While I'm still at the build site in Mazunte, where we just finished the first phase of our Earthship-inspired round building with a reciprocal roof, I noticed how I've been focusing so much on the building that I completely ignored this society of domestic birds that have been feeling and acting quite at home on our property.
So in order to make up for it, and finally publish a homesteading post, here is my intro to our neighbor's chickens. I remember, at one point chicken posts were super popular on this blockchain.
The Friendly Chooks from Next Door
So no, none of these birds are ours. They live at our neighbor's place, where they spend the night perched in a tree, and I assume they may even get some food there. Otherwise, however, they spend most of their time foraging around in the near vicinity.
Though their range is immense, they are well aware that as much food as they can gather on the surrounding hillsides and neighbor properties, none of it is ever as tasty as under our kitchen tree. That's probably also the reason why us humans like to hang out there. In practice, this means we have these chickens all around us, doing their chicken things. How could I not at least introduce these feathered companions?
No Shortage of Roosters
The typical image of a flock of chickens is that of many hens and one rooster. Not so here: there are two mature males trying to outdo each other by crowing more loudly (or more pervasively), not just in the morning, but all day, and even throughout the night. Interestingly, they never bothered my sleep, however, I do feel slightly annoyed at times when the dude is standing right next to me, screaming his lungs out.
The two cocks could not be any more distinct. Though both of them are about a year old, one of them is said to be the ranch type, as our neighbor explained us, the other one's a farm type. The latter doesn't have any beautiful plumage to show off. Simple brown is his only color, with a bit of black in his tail. The ranch rooster, on the other hand has lovely yellow feathers around his neck, and a deep greenish-blue tint of his long tail feathers, curving back in a beautiful arch.
However the farm rooster makes up for his lack of colors with an enormous comb and a wattle, both flaming red, to which the other rooster can't even hold a candle. When it comes to social standing, it's clearly the rancher that's the mac-daddy of the coop. He comes running fast whenever the farm rooster tries to mount a hen, and doles out some fierce kicks. Still, usually by the time he arrives, the brown punk has already finished.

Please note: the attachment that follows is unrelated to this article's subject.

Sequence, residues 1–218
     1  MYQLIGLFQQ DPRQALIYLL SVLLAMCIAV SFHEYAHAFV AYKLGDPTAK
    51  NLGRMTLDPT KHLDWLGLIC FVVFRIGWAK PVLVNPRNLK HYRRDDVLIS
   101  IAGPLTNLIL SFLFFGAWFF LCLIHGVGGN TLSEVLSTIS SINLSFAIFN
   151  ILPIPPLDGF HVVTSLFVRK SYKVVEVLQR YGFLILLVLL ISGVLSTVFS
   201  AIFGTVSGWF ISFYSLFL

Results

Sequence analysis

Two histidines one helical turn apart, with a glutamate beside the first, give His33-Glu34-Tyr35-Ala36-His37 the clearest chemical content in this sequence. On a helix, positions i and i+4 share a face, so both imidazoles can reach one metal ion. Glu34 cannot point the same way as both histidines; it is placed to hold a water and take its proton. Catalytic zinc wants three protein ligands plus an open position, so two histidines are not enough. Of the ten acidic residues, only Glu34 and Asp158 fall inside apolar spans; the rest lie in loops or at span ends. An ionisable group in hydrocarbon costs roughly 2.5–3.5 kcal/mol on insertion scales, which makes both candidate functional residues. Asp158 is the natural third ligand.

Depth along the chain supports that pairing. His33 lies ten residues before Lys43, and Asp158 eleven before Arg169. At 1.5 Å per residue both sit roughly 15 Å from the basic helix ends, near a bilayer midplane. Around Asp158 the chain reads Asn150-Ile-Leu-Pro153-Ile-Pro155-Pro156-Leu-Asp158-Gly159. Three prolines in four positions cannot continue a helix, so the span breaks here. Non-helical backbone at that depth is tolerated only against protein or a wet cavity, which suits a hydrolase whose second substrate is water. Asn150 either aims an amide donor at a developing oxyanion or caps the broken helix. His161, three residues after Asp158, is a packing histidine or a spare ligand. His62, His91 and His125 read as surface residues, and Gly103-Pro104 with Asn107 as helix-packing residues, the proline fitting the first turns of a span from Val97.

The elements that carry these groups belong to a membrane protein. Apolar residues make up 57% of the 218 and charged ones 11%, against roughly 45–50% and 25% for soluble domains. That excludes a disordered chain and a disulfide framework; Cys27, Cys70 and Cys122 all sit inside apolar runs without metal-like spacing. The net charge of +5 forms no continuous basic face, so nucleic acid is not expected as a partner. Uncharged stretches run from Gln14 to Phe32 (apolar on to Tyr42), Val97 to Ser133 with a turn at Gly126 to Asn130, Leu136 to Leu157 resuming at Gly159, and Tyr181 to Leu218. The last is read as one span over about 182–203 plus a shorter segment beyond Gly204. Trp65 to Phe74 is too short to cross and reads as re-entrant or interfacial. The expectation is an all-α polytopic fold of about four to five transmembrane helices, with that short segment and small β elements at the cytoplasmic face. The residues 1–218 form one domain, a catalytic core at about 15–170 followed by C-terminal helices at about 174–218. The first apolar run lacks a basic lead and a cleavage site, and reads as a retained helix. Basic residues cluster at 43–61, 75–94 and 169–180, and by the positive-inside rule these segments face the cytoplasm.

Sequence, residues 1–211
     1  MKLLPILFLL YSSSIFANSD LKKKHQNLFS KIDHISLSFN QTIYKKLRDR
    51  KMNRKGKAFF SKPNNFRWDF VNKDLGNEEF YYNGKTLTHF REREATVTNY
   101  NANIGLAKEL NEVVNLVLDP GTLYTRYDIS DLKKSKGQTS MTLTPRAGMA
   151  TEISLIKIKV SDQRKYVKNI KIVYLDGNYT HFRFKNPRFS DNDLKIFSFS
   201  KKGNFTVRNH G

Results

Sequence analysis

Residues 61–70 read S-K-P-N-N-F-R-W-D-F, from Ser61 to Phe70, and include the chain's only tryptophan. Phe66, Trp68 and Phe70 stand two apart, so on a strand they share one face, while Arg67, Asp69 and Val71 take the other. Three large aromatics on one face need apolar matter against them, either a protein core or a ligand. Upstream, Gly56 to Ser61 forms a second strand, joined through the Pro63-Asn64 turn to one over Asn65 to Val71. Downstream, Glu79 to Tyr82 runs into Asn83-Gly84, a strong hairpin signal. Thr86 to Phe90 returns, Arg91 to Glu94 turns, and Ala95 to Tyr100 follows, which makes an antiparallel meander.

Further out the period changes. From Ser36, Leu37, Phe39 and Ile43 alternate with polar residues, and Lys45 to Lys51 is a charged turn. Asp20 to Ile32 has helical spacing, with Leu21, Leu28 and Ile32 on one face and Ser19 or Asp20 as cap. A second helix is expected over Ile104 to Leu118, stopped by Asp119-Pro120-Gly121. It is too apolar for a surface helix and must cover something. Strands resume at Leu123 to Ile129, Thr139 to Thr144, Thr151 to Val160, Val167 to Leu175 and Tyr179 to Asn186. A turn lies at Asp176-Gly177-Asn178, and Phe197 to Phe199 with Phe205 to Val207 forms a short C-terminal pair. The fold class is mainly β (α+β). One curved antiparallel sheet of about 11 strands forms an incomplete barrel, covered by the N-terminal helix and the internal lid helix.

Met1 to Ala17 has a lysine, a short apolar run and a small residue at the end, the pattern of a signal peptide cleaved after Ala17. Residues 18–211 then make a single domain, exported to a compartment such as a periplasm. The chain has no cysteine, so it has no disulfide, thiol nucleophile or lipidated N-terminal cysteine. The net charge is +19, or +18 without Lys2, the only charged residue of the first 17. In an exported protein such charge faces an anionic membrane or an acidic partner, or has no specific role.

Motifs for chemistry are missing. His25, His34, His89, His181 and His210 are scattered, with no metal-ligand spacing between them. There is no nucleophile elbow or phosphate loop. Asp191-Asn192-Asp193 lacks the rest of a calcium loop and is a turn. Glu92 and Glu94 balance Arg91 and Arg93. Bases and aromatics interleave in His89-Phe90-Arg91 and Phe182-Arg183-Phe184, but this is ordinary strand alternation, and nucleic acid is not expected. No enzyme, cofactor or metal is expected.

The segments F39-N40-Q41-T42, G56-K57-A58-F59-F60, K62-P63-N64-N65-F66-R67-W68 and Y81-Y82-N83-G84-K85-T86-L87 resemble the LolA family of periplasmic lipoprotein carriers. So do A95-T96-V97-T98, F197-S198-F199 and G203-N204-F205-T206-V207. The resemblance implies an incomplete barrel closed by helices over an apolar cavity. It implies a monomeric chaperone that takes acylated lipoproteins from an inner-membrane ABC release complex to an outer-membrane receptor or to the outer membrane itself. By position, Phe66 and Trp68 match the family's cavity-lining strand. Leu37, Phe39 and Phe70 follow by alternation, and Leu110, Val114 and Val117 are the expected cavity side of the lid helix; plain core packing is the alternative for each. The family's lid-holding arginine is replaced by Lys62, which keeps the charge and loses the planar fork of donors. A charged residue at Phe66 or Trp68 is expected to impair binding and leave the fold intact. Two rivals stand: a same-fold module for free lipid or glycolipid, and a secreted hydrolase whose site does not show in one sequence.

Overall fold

Coco, The Hen Nobody Likes
The cheekiest chicken of them all is the one we named Coco. Her jaunty comb and naked neck already gives her a weird look, but her personality is what takes the cake (quite literally).
She is a weird one, who prefers to mingle with us humans than with her own kind. On a hot day she can be found under our table, waiting for things that fall down, or subjecting herself to be hypnotized by one of us. Also, whenever the whole flock moves to one area, it's usually Coco who goes somewhere completely different. Is she being ostracized? Or does she simply not give a hoot about the rest of them? Maybe she's only out to get some extra food... unlike the other ones, Coco doesn't mind snatching a piece of bread right out of the hands of some careless eater.
In spite of her shortcomings, she seems to be the top hen, probably the oldest, who is a good layer and has brought up several young chicks, many of whom are reaching maturity around now.
When I arrived in January, there were three little chickens following Coco around. They were probably just getting old enough to be left to their own devices, and Coco was trying as best as she could to teach her children independence and self-reliance... by getting as far away from them as possible. Oh, such a great mother!
As the weeks turned into months, these young chicks grew into a pair of strapping roosters, and a little hen. The boys are usually busy being boys, and having found their voice, they just add to the older two roosters. It is especially the "little rancher" who likes to show what he's got. After all, it's not just the yellow neck feathers that leave no trace of doubt over who his daddy is.
Eggs in Unusual Places
While twice as many roosters simply mean twice as much noise, an extra hen indicates extra eggs... provided one can find them, of course. So while this means a perpetual easter-feeling, many times one finds eggs in places they weren't even expecting. This is how it happened with Julia in her van. Even though it's parked in the shade of the big Guanecastle tree, she likes to leave her doors open for ventiallation. But somehow, sometimes, a chicken gets in.
It is a black-tailed white hen that picked the place in front of the driver's seat, right below the pedals, as the ideal place to lay eggs. That's all good with us! Since we know where to look, we usually find an egg a day, whenever the doors were left open.